Government offers olive branch on undisclosed income


Moore and Smalley tax partner David Bennett is urging people with undisclosed income to come clean in a new ‘amnesty’ introduced by the taxman.


HM Revenue and Customs has introduced a tax disclosure initiative called the Plumbers Tax Safe Plan (PTSP) which will allow plumbing and heating professionals to report any undeclared tax to HMRC with a reduced penalty.


However, David stresses that  the terms set out under the tax amnesty means it will be available to anyone who comes forward to disclose an undeclared tax liability, and not just plumbers.


He believes the initiative will help those who have fallen foul of the law by mistake or through a misunderstanding of the rules.


David said: “Many self-employed tradesmen and other sole traders who are paid in cash may be tempted not to declare some of that income, or they may have made genuine errors with tax returns which have then gone unreported once noticed. Those with undeclared income are breaking the law and sitting on a ticking time bomb.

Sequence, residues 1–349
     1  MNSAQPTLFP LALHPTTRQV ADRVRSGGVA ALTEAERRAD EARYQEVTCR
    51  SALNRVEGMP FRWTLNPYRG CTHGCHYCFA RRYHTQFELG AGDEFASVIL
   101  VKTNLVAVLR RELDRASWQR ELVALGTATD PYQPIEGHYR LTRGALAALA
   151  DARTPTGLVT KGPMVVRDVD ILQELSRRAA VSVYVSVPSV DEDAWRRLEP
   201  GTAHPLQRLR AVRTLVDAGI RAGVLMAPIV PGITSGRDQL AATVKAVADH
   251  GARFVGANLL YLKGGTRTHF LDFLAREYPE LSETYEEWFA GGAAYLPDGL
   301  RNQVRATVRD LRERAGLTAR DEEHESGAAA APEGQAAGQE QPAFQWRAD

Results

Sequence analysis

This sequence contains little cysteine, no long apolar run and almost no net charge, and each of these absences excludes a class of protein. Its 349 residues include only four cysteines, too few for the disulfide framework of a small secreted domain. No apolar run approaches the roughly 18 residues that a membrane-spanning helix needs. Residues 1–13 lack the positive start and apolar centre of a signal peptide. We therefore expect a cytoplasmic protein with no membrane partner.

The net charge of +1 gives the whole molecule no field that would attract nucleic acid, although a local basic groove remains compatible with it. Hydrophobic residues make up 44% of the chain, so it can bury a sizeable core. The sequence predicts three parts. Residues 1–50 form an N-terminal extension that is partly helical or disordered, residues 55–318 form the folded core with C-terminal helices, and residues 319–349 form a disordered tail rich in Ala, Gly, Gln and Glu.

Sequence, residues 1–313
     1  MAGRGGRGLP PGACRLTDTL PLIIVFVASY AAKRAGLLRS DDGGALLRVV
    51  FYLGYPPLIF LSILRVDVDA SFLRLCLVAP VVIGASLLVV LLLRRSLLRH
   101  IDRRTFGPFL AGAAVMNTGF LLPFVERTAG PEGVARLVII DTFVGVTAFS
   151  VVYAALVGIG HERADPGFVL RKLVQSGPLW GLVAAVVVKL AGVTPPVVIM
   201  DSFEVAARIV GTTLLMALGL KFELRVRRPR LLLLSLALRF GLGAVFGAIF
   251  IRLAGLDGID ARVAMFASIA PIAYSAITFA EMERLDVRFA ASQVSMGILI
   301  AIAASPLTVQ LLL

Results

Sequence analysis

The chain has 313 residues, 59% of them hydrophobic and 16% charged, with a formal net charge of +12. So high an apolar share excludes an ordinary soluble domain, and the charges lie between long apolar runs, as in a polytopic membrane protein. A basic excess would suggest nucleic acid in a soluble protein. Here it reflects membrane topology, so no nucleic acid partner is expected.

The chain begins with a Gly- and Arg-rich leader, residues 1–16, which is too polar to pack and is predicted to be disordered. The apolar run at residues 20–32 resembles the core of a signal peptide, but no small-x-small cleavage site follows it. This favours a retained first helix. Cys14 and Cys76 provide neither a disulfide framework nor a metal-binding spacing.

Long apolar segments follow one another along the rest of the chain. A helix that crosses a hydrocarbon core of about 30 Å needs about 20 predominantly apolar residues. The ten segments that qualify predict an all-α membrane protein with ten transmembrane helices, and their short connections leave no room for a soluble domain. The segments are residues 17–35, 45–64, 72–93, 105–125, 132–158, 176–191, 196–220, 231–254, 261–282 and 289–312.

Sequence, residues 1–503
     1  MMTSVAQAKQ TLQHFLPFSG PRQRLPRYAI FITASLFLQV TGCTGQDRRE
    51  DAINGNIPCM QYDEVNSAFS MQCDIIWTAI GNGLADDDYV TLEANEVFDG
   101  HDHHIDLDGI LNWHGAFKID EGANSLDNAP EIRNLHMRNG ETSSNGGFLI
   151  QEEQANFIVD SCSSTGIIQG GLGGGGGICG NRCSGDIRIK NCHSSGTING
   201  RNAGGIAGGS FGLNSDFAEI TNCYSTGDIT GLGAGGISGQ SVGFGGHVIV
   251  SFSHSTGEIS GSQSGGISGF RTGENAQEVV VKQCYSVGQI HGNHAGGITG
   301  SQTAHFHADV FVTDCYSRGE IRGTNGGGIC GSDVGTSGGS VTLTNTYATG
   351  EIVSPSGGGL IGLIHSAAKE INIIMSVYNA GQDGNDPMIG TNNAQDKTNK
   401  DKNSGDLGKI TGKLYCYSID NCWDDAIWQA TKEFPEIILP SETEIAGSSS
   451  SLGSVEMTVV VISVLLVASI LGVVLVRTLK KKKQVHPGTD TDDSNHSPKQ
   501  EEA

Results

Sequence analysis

“This practical initiative should be welcomed by those who think they have underpaid tax as it gives them an opportunity to put their affairs in order with a much lower penalty than might otherwise be charged.”


Taxpayers wishing to take advantage of PTSP must notify HMRC of their intention to disclose by May 31 2011. The disclosure has to be submitted and any liability that arises paid by August 31 2011.


David added: “As ever with underpaid or undisclosed tax, there is a high risk of discovery and, if that happens, it is likely that a full investigation into the taxpayer’s affairs will be opened.


“Ultimately, this is far more time-consuming, expensive and uncomfortable than making a voluntary disclosure under the PTSP. I would always recommend specialist advice is sought if anyone is contemplating making a disclosure to HMRC as it is essential that the disclosure is correct and complete. HMRC can be expected to come down hard on anyone who makes partial or incorrect disclosures.’